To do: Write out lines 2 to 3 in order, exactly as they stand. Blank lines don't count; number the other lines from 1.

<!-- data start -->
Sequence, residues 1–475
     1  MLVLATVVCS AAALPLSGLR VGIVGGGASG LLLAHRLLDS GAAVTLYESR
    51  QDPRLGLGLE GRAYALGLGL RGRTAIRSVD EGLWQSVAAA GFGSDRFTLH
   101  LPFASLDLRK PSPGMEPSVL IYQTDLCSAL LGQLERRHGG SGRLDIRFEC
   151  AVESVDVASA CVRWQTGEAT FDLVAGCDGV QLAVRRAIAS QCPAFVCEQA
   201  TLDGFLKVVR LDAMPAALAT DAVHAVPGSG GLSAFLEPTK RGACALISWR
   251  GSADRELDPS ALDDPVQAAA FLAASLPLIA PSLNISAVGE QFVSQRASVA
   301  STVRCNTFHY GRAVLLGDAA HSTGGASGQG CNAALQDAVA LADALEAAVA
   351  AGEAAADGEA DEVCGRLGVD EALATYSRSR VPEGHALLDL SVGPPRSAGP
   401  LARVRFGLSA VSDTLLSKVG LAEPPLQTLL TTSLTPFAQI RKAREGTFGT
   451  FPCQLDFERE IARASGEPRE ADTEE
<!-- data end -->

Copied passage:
     1  MLVLATVVCS AAALPLSGLR VGIVGGGASG LLLAHRLLDS GAAVTLYESR
    51  QDPRLGLGLE GRAYALGLGL RGRTAIRSVD EGLWQSVAAA GFGSDRFTLH